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THIS MONTH, the Archives joins its nine fellow publications of the American Medical Association in addressing the common theme, "Disease Prevention and Health Promotion." For many, the very title is off-putting: some woolly-headed Fabian notion beyond the precise medical paradigm in which we were trained. We are, after all, successors of a long tradition of healers. Preventing illness is someone else's concern, and what is health if not the absence of disease?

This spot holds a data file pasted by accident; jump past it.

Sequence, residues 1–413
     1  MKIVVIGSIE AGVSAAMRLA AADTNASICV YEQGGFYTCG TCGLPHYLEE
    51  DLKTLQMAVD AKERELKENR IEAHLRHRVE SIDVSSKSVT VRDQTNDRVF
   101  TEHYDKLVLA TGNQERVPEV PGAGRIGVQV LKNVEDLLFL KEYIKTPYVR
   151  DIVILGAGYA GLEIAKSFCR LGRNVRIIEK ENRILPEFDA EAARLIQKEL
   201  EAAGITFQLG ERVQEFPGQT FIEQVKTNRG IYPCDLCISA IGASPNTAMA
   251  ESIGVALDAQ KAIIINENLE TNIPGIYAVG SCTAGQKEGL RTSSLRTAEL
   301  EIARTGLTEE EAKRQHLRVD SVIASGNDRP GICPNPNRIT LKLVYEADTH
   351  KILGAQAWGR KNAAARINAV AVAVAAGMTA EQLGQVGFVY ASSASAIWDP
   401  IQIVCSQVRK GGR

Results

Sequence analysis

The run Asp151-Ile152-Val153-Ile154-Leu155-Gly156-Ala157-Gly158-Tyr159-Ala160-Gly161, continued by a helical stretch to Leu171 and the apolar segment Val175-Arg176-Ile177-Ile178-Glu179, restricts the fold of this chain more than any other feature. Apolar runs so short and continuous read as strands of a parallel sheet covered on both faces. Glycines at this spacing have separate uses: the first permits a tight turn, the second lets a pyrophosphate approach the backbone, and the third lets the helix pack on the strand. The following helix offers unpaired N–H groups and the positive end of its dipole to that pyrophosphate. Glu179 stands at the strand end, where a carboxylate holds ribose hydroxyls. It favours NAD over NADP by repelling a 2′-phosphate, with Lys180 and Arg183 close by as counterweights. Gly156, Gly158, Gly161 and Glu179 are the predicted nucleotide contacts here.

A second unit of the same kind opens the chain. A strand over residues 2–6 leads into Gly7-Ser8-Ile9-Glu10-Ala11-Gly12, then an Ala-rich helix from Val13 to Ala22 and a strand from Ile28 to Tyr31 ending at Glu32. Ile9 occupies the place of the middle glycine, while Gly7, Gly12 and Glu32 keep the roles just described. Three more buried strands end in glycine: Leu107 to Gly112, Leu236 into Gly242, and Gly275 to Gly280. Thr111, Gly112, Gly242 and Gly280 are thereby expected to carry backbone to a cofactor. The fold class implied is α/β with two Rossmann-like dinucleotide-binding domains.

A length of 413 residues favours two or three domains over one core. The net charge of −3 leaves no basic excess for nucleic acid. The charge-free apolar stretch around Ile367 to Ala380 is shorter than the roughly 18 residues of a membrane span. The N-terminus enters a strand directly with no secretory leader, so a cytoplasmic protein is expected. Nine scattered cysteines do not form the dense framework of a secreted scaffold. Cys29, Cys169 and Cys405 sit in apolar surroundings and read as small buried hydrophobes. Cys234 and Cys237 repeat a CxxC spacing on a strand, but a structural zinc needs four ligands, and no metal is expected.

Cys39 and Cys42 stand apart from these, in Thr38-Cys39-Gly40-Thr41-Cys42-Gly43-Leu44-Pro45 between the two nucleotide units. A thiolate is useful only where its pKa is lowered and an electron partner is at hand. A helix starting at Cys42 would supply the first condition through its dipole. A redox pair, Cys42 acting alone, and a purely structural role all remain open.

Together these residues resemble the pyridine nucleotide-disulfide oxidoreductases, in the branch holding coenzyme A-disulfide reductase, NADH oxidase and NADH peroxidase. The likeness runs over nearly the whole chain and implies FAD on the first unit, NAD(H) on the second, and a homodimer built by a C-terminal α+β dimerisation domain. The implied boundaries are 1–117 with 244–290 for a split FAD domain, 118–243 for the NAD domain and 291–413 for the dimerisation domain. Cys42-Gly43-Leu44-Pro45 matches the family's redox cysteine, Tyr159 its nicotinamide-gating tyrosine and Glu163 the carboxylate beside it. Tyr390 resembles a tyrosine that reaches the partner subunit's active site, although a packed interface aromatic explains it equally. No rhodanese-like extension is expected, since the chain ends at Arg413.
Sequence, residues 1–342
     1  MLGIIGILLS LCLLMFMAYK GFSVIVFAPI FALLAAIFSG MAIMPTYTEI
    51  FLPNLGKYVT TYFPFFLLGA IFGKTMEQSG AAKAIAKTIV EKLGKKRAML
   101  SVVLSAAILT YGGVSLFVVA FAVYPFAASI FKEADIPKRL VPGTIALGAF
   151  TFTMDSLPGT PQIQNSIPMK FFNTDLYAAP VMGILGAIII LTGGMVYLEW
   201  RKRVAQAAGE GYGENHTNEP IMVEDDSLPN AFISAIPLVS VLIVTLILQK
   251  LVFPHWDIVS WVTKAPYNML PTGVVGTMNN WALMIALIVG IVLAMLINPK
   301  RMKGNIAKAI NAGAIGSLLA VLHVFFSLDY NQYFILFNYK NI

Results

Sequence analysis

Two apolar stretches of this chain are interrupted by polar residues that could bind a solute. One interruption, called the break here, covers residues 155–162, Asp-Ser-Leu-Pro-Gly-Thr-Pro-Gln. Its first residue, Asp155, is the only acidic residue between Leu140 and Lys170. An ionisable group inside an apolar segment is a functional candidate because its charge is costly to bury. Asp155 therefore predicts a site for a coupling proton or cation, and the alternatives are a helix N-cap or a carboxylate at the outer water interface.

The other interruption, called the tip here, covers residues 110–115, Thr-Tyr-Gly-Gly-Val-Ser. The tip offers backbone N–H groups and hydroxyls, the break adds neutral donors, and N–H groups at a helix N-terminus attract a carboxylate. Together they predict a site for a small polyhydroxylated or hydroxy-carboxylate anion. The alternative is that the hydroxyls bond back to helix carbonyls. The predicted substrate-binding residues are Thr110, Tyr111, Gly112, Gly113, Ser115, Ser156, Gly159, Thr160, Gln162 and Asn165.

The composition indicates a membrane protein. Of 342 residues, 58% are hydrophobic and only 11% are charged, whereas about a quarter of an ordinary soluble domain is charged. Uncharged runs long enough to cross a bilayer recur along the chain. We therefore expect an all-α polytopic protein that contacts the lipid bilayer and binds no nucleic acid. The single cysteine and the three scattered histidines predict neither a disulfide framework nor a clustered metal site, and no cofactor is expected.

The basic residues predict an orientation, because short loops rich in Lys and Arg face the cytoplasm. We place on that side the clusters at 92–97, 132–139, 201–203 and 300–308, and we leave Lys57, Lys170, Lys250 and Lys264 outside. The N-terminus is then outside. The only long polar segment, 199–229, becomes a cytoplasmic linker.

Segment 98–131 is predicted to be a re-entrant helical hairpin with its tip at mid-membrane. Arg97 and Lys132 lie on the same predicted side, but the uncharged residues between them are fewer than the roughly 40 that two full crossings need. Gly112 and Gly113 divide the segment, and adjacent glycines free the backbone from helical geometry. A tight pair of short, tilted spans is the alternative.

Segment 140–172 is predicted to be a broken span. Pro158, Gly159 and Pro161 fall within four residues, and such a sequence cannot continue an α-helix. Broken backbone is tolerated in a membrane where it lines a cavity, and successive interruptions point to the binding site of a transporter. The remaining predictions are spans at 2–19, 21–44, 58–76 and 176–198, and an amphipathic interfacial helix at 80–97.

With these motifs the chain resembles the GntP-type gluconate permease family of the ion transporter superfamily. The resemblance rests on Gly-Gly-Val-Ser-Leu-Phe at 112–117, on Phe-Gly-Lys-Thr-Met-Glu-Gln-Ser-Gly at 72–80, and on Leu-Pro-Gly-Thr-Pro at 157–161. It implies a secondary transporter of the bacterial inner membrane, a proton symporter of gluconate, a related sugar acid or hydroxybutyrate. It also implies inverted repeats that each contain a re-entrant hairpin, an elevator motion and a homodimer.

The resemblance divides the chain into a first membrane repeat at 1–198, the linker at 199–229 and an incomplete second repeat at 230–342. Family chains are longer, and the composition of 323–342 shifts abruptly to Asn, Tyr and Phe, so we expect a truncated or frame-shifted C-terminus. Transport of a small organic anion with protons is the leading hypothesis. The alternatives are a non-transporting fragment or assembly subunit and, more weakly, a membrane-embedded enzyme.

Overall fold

In reality, our clinical forebears (of less than a century ago) primarily practiced preventive medicine for the simple reason that there was little they could effectively treat. Life expectancy has nearly doubled over the past 100 years; lest we forget, to our peril, this has largely resulted from the prevention of disease and promotion of health, not from the treatment of disease once it has occurred. Death rates from typhoid and blindness
Sommer A. Disease Prevention and Health PromotionA Clinical Primer. Arch Ophthalmol. 1995;113(4):419-420. doi:10.1001/archopht.1995.01100040033022